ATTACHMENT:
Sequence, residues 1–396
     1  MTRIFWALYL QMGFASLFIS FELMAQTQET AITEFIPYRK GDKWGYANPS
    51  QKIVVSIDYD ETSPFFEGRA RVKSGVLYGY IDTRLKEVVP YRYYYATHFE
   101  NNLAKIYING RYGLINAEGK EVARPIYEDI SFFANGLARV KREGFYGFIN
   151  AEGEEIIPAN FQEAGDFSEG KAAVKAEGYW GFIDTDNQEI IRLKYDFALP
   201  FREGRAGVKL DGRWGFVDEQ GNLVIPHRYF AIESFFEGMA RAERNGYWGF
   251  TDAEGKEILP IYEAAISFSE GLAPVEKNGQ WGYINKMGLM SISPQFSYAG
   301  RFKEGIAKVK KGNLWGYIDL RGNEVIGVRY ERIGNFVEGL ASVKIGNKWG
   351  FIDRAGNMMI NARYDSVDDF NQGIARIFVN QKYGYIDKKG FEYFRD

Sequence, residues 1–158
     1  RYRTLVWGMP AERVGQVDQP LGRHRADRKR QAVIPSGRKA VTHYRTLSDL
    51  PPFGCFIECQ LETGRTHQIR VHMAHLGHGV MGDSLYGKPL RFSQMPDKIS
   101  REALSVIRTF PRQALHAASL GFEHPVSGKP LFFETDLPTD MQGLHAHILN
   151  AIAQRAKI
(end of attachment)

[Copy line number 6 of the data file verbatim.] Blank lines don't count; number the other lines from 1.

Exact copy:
   201  FREGRAGVKL DGRWGFVDEQ GNLVIPHRYF AIESFFEGMA RAERNGYWGF